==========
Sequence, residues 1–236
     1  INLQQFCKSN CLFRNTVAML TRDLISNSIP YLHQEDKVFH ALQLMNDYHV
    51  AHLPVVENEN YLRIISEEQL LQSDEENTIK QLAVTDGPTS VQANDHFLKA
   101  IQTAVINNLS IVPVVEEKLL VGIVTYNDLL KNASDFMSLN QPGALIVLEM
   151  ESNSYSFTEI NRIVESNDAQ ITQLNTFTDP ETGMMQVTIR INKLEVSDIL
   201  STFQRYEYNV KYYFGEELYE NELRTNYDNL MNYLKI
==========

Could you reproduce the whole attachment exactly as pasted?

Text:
Sequence, residues 1–236
     1  INLQQFCKSN CLFRNTVAML TRDLISNSIP YLHQEDKVFH ALQLMNDYHV
    51  AHLPVVENEN YLRIISEEQL LQSDEENTIK QLAVTDGPTS VQANDHFLKA
   101  IQTAVINNLS IVPVVEEKLL VGIVTYNDLL KNASDFMSLN QPGALIVLEM
   151  ESNSYSFTEI NRIVESNDAQ ITQLNTFTDP ETGMMQVTIR INKLEVSDIL
   201  STFQRYEYNV KYYFGEELYE NELRTNYDNL MNYLKI